It’s a campus that exhibits a high degree of activism, be it political, social, academic or co-curricular. The fact that Jawaharlal Nehru University (JNU) is a hub of intellectuals is reflected through the tradition of healthy debate among students.
Offering mainly postgraduate programmes, keeping research as the core of the academic activity, the university has 10 schools and three special centres with courses in visual and performance studies, diverse areas of biotechnology, computer science, linguistics, historical and political studies, and law and governance, among others.
The university also has a diverse mix of students - both national and international. “The best thing about JNU is that it allows you to revolutionise yourself. I have learnt a lot during my stint here and couldn’t have asked for a better place to study in,” says Souphaphone Thavonsouk from Laos, a student of international relations.
The trend is likely to continue this year too as the university prepares to hold entrance tests to its various full-time programmes of study next month.
The USP of the university, according to some of its teachers, is its unique and unconventional style of teaching. “With regular tests, seminars, term papers and end-semester exams, students are evaluated round the year. Pursuing a particular programme is not just about mugging up lessons. It involves giving complete freedom to the students to interact with people and read as many books as they want to. In a way, it prepares them for courses such as MPhil and PhD,” says Dr Asif Zahri, associate professor, School of Language, Literature and Culture Studies.
The syllabus for a particular course is also evolving, unlike other institutions. “At JNU, the teacher concerned structures his/her own course. Courses are updated every five to 10 years. Also, a large number of courses that are taught here are not taught anywhere else in the country,” says Dr Sanjay Kumar Pandey, associate professor, School of International Studies. In addition to this, every centre holds extension lectures as well as national and international seminars regularly.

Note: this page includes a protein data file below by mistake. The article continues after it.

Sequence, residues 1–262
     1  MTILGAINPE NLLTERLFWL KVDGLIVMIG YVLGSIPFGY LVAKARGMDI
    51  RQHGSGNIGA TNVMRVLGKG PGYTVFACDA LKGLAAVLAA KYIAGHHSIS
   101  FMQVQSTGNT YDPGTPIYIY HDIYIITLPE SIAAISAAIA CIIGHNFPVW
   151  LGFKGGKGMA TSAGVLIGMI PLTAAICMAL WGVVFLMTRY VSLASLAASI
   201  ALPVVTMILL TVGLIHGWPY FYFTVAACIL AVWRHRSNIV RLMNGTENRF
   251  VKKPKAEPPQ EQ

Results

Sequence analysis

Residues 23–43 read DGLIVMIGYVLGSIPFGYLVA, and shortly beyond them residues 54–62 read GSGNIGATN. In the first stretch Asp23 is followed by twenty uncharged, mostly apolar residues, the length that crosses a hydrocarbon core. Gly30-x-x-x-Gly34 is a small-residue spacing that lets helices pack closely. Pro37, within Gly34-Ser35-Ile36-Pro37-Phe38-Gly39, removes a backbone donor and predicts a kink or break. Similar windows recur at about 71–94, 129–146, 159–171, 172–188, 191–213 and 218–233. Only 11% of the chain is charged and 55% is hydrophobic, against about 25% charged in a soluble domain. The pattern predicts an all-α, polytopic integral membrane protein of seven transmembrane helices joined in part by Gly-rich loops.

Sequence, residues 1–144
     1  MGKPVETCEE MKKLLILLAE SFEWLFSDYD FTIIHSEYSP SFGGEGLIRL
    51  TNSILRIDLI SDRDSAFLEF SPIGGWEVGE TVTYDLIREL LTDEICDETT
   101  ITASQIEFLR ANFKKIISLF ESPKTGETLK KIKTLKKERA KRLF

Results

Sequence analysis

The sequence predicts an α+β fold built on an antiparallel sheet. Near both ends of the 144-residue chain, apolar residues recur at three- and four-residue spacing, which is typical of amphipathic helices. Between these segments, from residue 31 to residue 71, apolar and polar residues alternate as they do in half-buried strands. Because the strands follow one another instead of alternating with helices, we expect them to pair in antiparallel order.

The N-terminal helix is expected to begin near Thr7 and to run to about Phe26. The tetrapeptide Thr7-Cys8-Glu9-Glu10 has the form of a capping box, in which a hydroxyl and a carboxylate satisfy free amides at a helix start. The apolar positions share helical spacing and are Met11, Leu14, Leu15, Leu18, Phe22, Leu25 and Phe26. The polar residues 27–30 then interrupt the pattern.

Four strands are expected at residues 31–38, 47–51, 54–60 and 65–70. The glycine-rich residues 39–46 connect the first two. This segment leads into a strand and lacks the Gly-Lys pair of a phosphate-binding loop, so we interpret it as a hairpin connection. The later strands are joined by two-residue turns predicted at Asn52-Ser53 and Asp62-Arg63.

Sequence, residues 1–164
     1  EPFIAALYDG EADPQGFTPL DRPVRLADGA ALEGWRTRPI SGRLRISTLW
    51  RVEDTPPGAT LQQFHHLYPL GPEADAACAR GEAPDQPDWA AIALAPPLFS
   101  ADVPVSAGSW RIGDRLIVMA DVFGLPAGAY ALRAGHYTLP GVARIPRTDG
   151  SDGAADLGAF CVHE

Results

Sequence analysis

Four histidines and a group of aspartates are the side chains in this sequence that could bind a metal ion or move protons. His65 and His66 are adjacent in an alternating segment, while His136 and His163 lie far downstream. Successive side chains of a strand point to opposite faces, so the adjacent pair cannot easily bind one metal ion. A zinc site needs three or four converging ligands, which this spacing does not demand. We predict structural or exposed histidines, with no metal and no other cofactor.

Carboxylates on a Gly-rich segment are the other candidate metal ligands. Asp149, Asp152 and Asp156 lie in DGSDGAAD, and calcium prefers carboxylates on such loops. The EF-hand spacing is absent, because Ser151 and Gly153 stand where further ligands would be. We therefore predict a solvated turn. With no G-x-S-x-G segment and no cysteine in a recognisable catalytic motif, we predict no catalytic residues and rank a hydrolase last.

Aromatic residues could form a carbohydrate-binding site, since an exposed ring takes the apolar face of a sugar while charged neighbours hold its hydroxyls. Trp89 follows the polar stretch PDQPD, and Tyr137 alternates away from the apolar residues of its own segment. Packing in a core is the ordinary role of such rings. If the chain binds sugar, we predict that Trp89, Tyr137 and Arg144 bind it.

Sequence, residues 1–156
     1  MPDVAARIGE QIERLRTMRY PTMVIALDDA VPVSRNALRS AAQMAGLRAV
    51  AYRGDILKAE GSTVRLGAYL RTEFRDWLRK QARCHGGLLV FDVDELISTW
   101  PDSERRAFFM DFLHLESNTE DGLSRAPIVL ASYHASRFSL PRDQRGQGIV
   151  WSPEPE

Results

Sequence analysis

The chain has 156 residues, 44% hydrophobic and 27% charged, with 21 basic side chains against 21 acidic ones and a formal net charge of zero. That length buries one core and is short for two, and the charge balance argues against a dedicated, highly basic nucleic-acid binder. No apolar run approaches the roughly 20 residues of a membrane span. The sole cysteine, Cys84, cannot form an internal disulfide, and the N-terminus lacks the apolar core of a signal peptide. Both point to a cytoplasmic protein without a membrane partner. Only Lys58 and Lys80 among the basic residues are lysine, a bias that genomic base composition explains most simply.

Students here are also sensitive to global as well as local issues and are socially aware.
Arvind Das, who holds a PhD in Hindi from JNU, says, “I liked the culture of debate at the university. It was not just about pursuing your degree. JNU teaches you a lot about life and the world around you. It makes you more mature, inquisitive and changes your perception to many things around you. Most importantly, the university is a democratic space and with all the centres being within the same campus, there’s a lot of peer group bonding with students from other disciplines too.” Retaining the spirit of the interdisciplinary character of the university, the courses are structured in such a way that in addition to the prescribed compulsory courses in the discipline concerned, the students are encouraged to opt for optional courses from other centres/schools.
For Dibya Shikha, a research scholar in South Asian Studies at the School of International Studies, the university is part of her being. “JNU is about fulfillment of dreams and hopes. The learning takes place not only in classrooms but also in canteens, dhabas and at bus stops through debates and discussions. The gender sensitive cell against sexual harassment, curb on ragging, and a campus with minimal security issues, no restriction on mobility in the campus 24X7 make JNU incomparable,” says Shikha.
Besides these, there are various cultural clubs dedicated to areas such as music, photography, fine arts, cinema, and social issues. They organise or collaborate with relevant institutions for activities like social campaigns or competitions.
The university provides students the perfect setting for pursuing their academic dreams and ambitions.
Established in: 1969
No. of schools: 10 and three special centres
No. of hostels: 17
Important dates: The university will hold entrance tests for its various full-time programmes of study from May 22 to 25, 2012
JNU entrance tests
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